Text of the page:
"Officer, this man is not drunk."
"He isn't? Oh, goodness, sir, my apologies. I thought you were drunk..."
The police officer believed Mark because lying was unheard of -- ever. Mark had invented lying. (And yes, when they got back into the car, Mark drove.)
Can you imagine what a dull world it would be without lying? There would be no fiction, no art, everything would be what you see is what you get. In Mark's world, he was a screen writer, but there were no movies, only incredibly boring lectures of the truth.
We have all told fibs on occasion, sometimes to save our own skin, and sometimes to save other folks. I have always believed that lying is not necessarily a bad thing, especially if it is used to protect someone else's feelings. We cannot always admit to someone that their new dress makes them look fat, or that the watery, gristly beef stew they cooked is horrible.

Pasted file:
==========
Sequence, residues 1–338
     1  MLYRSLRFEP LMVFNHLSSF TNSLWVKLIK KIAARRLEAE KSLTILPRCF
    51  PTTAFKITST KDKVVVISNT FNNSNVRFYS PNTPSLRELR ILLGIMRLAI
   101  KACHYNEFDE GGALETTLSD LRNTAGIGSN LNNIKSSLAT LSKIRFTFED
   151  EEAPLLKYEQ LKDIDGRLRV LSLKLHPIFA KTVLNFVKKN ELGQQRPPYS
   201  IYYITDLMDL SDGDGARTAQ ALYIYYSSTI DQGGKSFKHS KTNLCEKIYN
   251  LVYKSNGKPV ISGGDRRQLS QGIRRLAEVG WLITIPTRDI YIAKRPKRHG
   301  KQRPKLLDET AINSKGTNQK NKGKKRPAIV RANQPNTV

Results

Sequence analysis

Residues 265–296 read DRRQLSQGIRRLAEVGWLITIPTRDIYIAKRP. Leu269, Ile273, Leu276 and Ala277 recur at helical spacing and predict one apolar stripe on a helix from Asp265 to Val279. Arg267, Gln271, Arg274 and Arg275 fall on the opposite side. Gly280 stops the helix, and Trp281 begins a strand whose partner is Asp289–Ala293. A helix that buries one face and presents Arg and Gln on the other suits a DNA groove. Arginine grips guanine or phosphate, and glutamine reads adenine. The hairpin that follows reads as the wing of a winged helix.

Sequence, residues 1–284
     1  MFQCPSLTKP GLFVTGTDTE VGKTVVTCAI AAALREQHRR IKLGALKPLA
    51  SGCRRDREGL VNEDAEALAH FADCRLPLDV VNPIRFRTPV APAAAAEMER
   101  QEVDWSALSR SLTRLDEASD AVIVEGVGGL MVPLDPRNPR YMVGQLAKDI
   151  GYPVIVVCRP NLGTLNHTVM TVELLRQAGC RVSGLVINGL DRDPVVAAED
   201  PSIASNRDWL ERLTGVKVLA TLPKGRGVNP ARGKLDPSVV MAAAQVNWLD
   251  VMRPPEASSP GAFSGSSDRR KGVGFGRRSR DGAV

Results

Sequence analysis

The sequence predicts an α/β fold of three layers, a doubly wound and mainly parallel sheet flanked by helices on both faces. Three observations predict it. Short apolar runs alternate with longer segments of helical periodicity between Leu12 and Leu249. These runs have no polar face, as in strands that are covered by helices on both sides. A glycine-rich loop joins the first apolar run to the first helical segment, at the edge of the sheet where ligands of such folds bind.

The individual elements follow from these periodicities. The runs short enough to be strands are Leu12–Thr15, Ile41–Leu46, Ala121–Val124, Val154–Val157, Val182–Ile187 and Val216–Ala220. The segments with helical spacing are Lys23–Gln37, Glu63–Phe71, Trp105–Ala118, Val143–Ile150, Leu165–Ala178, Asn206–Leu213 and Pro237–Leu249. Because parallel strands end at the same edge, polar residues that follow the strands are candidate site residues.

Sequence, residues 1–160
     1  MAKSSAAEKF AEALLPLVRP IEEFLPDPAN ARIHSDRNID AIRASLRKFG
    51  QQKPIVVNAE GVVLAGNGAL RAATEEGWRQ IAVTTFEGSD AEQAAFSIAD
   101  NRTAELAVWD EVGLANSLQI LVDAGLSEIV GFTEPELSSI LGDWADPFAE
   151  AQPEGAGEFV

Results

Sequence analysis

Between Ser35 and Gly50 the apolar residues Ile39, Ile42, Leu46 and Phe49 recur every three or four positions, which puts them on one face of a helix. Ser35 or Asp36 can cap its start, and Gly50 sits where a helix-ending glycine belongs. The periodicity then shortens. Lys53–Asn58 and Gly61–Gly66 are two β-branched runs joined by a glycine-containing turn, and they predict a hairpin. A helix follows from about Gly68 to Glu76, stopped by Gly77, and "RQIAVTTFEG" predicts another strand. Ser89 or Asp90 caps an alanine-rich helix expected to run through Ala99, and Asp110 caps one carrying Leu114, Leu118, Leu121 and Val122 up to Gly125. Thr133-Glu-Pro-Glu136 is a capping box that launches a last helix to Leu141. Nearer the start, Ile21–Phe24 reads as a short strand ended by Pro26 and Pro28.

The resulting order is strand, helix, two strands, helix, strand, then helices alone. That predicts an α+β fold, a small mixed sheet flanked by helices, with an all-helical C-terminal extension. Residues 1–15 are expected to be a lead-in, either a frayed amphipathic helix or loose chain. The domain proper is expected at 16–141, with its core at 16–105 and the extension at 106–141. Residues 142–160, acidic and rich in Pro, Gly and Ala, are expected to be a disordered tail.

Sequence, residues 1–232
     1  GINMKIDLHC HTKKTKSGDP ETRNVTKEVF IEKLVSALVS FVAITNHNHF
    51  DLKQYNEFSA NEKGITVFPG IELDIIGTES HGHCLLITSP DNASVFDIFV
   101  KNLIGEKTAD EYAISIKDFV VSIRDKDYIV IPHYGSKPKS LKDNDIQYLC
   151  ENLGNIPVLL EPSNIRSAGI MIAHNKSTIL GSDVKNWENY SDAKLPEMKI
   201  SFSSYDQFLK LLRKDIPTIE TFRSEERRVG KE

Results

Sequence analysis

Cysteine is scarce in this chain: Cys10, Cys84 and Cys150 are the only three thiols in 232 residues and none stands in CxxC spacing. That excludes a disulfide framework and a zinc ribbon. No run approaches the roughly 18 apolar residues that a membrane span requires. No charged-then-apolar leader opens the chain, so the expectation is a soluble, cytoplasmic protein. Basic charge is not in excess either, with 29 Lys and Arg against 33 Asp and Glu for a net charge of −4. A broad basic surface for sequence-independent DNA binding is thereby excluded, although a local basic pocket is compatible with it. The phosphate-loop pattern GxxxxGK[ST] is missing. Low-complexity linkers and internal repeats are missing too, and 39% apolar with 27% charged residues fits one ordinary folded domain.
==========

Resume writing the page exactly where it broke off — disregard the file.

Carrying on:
"Yum, this is delicious."
What purpose does it serve to be brutally honest in instances like that? Do you think God would be mad at us if we have actually spared someone else pain? I don't think so. That is a whole different type of duplicity than the type used for our own gain -- monetary or otherwise.
In "The Invention of Lying", Mark invented lying as a tool for kindness, and it worked. He made people feel incredibly happy, just by telling them "little white fibs". I think all of us have done that at some point in our lives, and when it works, it actually makes us feel good too. We have eased someone else's life in just the smallest way. Truth can often be unnecessarily brutal.
On what occasion do you
(The winner of the almost-mascot from my previous post will be announced Saturday morning...)